A new federal grant to the Winterthur/University of Delaware Program in Art Conservation
(WUDPAC) will supply critical support to graduate students preparing
for careers in preserving the world’s cultural and artistic heritage.
The three-year grant from the National Endowment for the Humanities
(NEH) provides $150,000 in direct support for the graduate art
conservation program, with an additional challenge grant of $25,000 to
be given if the program raises that amount in matching funds.
WUDPAC, internationally known and highly competitive, is one of only
five graduate programs in art conservation in North America and one of
only two jointly sponsored between a university and a museum. Its alumni
lead conservation initiatives in museums and cultural institutions
around the world.
The program has benefited from NEH support for decades, most recently
using the funding to offer up to five student stipends and to help
bring in expert speakers, said Debra Hess Norris, Unidel Henry Francis
du Pont Chair in Fine Arts and chair of UD’s Department of Art
“NEH funding has allowed us to strengthen our curriculum in objects,
preventive, photographic and textile conservation and, in partnership
with other funders, to increase our stipend levels by more than 15
percent,” Norris said. “The support has been instrumental to our program
and our students, allowing us to ensure that there will be
professionals to protect our cultural heritage.”
WUDPAC students complete three years of classwork, laboratory
training and fieldwork in various institutions. Many spend years after
earning bachelor’s degrees — often taking chemistry, studio art and
other classes and completing 2,000-plus hours of conservation
internships or work — to prepare for entering the master’s degree
program. Once accepted, they rely on stipends to focus on their
coursework and field experience.
“Without the NEH support, it would be impossible to offer the
stipends we do, and we might even have to reduce our enrollment,” Norris
said. “The impact of this funding is significant to our entire
The new grant will help support two third-year students, who spend
the entire year working with conservation professionals in host
institutions, and three second-year students. Those three, who all have
chosen to specialize in working with objects, will each complete seven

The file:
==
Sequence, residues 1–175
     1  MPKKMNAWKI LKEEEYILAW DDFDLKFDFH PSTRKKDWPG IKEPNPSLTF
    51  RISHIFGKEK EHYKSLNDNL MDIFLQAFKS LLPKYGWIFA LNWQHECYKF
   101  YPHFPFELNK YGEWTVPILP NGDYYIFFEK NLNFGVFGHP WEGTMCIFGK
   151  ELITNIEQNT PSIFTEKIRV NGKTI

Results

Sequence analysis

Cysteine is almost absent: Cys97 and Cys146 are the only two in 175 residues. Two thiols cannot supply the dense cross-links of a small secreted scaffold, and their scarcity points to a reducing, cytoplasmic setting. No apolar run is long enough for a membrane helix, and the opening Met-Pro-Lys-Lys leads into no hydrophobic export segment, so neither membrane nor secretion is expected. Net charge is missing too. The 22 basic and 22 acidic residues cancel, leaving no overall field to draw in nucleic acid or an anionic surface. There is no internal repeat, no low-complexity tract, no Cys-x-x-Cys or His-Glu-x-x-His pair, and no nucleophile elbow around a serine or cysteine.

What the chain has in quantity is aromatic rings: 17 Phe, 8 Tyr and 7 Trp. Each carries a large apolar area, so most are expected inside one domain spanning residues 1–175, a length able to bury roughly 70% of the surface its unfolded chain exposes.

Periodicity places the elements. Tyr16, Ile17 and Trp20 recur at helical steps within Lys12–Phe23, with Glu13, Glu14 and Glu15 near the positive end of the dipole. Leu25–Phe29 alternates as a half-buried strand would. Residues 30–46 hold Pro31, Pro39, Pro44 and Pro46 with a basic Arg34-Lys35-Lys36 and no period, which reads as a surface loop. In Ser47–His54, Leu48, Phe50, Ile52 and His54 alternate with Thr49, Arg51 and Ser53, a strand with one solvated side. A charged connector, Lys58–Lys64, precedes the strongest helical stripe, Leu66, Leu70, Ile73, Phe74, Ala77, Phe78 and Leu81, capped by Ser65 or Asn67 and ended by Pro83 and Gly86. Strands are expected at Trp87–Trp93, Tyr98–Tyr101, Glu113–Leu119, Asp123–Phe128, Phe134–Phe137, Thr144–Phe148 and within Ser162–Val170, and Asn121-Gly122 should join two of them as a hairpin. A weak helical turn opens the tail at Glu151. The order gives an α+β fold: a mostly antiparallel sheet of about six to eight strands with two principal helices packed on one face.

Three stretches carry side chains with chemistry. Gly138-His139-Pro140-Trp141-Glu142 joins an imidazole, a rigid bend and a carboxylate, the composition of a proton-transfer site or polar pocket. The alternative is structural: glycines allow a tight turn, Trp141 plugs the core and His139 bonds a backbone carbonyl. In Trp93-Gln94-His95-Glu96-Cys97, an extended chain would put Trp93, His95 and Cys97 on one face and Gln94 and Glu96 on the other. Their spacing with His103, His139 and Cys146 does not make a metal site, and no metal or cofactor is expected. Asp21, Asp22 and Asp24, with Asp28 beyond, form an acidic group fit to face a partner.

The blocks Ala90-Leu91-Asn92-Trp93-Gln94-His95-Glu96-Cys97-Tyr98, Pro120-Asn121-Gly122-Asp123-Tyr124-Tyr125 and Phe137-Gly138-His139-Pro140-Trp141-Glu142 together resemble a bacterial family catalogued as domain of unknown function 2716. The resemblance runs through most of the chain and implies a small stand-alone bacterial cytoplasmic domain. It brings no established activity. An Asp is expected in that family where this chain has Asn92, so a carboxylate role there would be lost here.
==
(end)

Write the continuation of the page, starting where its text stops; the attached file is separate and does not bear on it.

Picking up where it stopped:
projects in the Winterthur laboratories between now and May.
Here is a brief look at their work.
“I was always interested in art, and I always knew I wanted to do
something with my hands” rather than academic research or teaching, she
After graduating in 2010, she spent four years taking the necessary
chemistry classes and working in various museums and arts organizations,
including in Los Angeles, Washington, D.C., and in her native Alaska.
She recently was working on a teapot that is the only example in
Winterthur’s collection of Measham Ware, a type of glazed pottery
associated with English canal areas in the late 1800s. When small
decorative pieces started to come loose from the teapot, the curator
asked students to repair it.
Bright’s other treatment projects include a knife with a bone handle
that was excavated from an old farm site near Odessa, Delaware.
Corona, whose main focus is on conservation science, majored in
chemistry and art history as an undergraduate at Trinity University.
After attending a lecture about art conservation, she said, she was
immediately attracted to the field.
“I’ve always loved art and chemistry, so I see this field as a
perfect fit for my interests,” Corona said. “This is something I’m
passionate about, and it’s also something that’s always challenging.”
To prepare for applying to WUDPAC, she held internships at the
National Park Service, the Isabella Stewart Gardner Museum and the Alamo
One of her current treatment projects this semester at Winterthur is
an ostrich-feather fan dating from about the early 20th century. She’s
been removing adhesive and masking tape from the plastic handle, left
from a past display mount, and stabilizing the feathers, which have
suffered insect damage.
Owens majored in art history as an undergraduate at Emory University,
but she was always interested in science. When she took an art
conservation class as a junior, she was hooked.
She worked at several institutions, including the Museum of Modern
Art in New York and the Smithsonian’s Hirshhorn Museum and Sculpture
Garden in Washington, D.C., where she developed an interest in modern
Her focus now on modern and contemporary objects is especially
challenging, she said, because many are made from novel materials, and
so there is limited research available on how to treat them if and when
they deteriorate or become damaged.
“A lot of these materials that artists are using now are experimental
and untested,” Owens said. “So treating them is a real challenge, and
that’s what I like.”
One of her current treatment projects — all second-year students work
on a range of objects, not just those in their primary area of interest
— is a damaged 18th-19th century porcelain plate from Winterthur’s
collection. Owens has been repairing breaks and removing a discolored
residue that may have remained from a commercial cleaning material used
in the past to dust the plate.